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also did the number of men increase who desired to set bounds to the darkness of this superstition, and to celebrate the triumph of victorious reason. These put forth all their strength, and thereby acquired an immortal renown.
Adam Tanner, a Jesuit in Bavaria, counselled the judges to use more circumspection and obtain better evidence in the witch-trials. When he died in the Tyrol, however, Horst says that he was denied burial, because he professed to have conjured a hairy devil under a glass, but which after his death they discovered to be a flea which he had shut up in a microscope! Frederick Spee, a Jesuit, displayed a rare boldness of wisdom, by first turning round upon the rulers, judges, and clergy, and demonstrating from his own experience the barbarity and folly of superstition. He died during the thirty-years' war, and wrote an admirable work, under the title, “ Cautio criminalis, sive de processibus contra sagas, liber ad magistratus Germaniæ hoc tempore necessarius, tum autem consiliariis principum, inquisitoribus, advocatis, confessariis reorum, concionatoribus, ceterisque lictu utilis: Rintel. 1637. Autore incerto theologo orthodoxo.” A year afterwards the same work appeared at Cologne and Frankfort simultaneously, and frequently afterwards. It appeared in Germany at Bremen in 1647, as “ The Book of Conscience in the Witch-Prosecutions, by Joh. Seifert, Swedish Chaplain.”
The excellent Elector of Mainz, Joh. Phillipp, cherished Spee's memory. He says of him that he declared himself the author of that work, with the confession that he owed to the witches the grey hair which he had in the prime of life; it was caused by his consuming sorrow on account of the number of these victims of superstition which he had led to the stake. Still more revolting, if possible, was the fury against witch-devils in the seventeenth century in France; the best account of which you find in a book published at Rouen in 1606,—“Discours exécrable des sorciers, ensemble leur procès, fait depuis deux ans en divers endroits de la France, etc., par Hen. Baguet, grand juge au comté de Bourgogne.' An excellent work, also, is that of Naudé,—“Apologie pour les grand hommes, faussement soupsonnés de magie, Paris, 1625."
The Spanish Jesuit de Rio opposed himself to these wholesome endeavours, and wrote, “Disquisitiones Magic. liv. vi.," and defended the grossest superstition which continued rampant through the whole seventeenth century, flourishing with a deadly luxuriance, so that what war, hunger, and plague, did not destroy, superstition swept away. Kepler, the great astronomer, relates that he was summoned by the Emperor to Regensburg to give his assistance in reforming the calendar, and although he was very unwell, he was suddenly called back again, and obliged to travel amid all danger and with all possible rapidity towards his native country of Wirtemberg, where his poor old mother was in imminent danger of being burnt for a witch. He succeeded, though with great difficulty, in rescuing her from the stake (Monumentum J. Keplero dedicatum : Rhatisb. 1808).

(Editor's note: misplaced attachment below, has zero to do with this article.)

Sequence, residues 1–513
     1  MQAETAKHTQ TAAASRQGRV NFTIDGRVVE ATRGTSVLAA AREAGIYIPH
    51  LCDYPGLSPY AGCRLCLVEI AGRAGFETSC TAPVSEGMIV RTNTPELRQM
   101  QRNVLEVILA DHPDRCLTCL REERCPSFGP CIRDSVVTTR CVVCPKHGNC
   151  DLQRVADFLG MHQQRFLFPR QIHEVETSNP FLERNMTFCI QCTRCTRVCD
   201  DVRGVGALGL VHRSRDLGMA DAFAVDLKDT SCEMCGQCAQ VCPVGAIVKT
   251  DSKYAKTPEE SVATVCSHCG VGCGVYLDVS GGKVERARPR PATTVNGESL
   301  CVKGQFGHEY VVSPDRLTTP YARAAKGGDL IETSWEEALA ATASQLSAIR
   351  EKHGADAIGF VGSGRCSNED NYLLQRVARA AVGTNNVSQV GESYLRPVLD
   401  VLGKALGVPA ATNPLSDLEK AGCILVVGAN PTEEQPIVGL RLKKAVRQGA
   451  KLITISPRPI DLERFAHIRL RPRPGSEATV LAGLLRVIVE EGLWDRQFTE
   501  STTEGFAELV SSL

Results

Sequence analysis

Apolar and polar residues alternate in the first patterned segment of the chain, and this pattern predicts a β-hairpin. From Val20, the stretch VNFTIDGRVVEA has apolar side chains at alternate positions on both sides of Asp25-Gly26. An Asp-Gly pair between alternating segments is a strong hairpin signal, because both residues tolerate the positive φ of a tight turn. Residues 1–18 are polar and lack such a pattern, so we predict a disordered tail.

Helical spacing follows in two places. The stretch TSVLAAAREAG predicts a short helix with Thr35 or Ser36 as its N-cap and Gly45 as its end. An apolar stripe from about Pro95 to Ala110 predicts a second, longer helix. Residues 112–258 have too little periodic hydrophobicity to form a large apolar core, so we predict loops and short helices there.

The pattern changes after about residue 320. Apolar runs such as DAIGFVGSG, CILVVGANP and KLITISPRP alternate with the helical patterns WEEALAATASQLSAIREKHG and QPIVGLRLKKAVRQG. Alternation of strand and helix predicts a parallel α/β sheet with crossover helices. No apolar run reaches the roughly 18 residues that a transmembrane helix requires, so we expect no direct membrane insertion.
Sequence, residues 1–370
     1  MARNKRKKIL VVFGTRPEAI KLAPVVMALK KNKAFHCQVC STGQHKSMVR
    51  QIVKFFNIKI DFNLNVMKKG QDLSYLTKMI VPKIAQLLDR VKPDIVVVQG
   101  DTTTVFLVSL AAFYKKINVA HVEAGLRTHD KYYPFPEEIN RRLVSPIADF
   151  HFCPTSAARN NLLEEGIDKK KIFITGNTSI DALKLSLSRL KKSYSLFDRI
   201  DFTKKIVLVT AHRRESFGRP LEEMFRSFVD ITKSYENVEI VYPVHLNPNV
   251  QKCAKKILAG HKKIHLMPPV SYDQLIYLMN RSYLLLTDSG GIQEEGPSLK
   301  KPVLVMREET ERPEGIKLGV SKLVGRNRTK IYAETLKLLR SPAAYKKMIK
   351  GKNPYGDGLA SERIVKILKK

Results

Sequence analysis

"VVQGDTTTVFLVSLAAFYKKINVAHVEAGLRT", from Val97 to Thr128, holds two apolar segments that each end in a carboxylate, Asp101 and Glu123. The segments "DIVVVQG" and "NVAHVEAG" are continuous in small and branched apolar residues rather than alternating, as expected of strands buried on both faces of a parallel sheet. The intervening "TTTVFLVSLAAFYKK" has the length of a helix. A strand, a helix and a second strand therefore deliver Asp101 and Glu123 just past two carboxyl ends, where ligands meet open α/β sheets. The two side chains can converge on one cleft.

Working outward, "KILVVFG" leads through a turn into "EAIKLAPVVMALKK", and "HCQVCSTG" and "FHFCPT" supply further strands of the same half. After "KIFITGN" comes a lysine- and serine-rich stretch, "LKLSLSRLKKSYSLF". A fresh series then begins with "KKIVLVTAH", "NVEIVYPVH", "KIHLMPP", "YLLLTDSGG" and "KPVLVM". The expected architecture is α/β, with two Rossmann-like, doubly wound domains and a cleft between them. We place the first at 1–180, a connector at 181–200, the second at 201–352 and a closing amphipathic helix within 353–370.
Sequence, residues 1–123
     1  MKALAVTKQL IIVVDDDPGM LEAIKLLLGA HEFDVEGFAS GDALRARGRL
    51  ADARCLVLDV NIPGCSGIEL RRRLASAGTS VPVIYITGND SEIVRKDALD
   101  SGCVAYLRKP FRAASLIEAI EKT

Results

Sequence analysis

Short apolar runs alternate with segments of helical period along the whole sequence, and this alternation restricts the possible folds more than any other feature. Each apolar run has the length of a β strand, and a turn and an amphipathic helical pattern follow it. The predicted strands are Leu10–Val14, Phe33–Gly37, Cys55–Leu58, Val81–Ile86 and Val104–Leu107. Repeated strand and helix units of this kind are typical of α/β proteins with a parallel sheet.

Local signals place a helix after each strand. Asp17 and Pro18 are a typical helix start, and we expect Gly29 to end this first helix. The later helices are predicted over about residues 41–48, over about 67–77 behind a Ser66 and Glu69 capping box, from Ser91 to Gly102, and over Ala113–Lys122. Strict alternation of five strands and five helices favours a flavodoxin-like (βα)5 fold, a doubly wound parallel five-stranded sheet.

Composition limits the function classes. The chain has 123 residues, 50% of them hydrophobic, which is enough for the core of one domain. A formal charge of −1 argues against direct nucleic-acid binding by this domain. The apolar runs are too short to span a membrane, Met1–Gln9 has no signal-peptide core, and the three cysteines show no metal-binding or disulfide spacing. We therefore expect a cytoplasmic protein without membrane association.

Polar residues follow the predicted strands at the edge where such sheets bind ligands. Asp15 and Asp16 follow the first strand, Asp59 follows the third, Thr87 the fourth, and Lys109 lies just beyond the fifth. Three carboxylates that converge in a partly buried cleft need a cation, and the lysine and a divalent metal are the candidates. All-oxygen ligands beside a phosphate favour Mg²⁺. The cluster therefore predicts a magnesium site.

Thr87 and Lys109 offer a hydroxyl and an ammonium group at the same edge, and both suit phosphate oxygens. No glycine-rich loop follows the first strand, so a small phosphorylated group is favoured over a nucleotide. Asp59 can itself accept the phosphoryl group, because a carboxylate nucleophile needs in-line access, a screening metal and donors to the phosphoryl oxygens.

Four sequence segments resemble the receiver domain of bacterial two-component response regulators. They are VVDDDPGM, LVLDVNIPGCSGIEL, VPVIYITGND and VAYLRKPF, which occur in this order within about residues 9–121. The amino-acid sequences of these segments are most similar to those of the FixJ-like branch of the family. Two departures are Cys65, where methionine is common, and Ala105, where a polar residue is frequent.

The two authors who more than all contributed to put an end to the witch-prosecutions were, however, the theologian Balthasar Becker, and the jurist Christ. Thomasius.
At the close of the seventeenth century, Becker advanced the nine propositions which deny the influence and active power of spirits over the physical world. His work, “De vaste spessen de volmaaken,”—“Strong Food for the Perfect," 1670, brought him at once into suspicion of teaching error. His book, “The Bewitched World,”
,appeared first in Dutch, 1691, at Amsterdam; in German in 1693. It made so great a sensation that in two months four thousand copies were sold. In the Netherlands at that time the witch-prosecutions had ceased, but the clergy opposed his doctrines with all their might, and defended stoutly the power of the devil and the reality of possession. Becker treated the witch-faith mercilesssly, and challenged the evil demi-god of the Christians, the Devil, formally, to take vengeance on him, if he were able. Becker contended with trenchant weapons of the Cartesian philosophy, and with his less happy Exegesis. But it was not merely his lucid philosophical knowledge, it was rather his humane mind, which impelled him to rescue mankind from the degrading madness concerning the devil. The impunity which Becker enjoyed from any attempts of the devil in consequence of his challenge was explained thus by his opponents; that
Satan out of cunning abstained from spoiling his game, as he was in the end the greatest gainer by unbelief. But Becker did not achieve an immediate victory. The Church, schools, consistories, and synods, took up arms against him; and in 1693 he was deposed from his office, and was classed, on account of his zeal as an anti-diaboliker, amongst deists and atheists.
Christ. Thomasius was enabled as professor of jurisprudence to effect more than his humanely-minded coadjutor. He succeeded in doing that which Becker could not. His writings, as it regards the witch-prosecutions, are classical. They are the following," De crimine magiæ dissert., by Joh. Reichen, 1701,” and more extended in German. “ Thomasius's Short Theorems on the Crime of Sorcery, with appended actis magicis, by Joh. Reichen, 1703;" “De origine et progressu processus inquisitorii contra sagas, 1712;" also German in the same year. The rest of his juridical writings also treat this subject freely, as, “The Business of Jurisprudence, in 8 parts." A number of writings were published by him, amongst which the following are the most important :-“ Joh. Reicher's Discriminating Writings on the Nuisance of the Witch-Prosecutions, 1703;" the same on the nuisance of Sorcery, 1704 ; “ Webster, Trials for Witchcraft, from the English, 1719; Gott. Wahrlich, “The Uselessness of the so-called WitchProsecutions," Halle, 1720; Beaumont, “ Tract on Spirits, Apparitions, and Witches;" Ant. Prätorius, “ On Sorcery and Sorcerers.”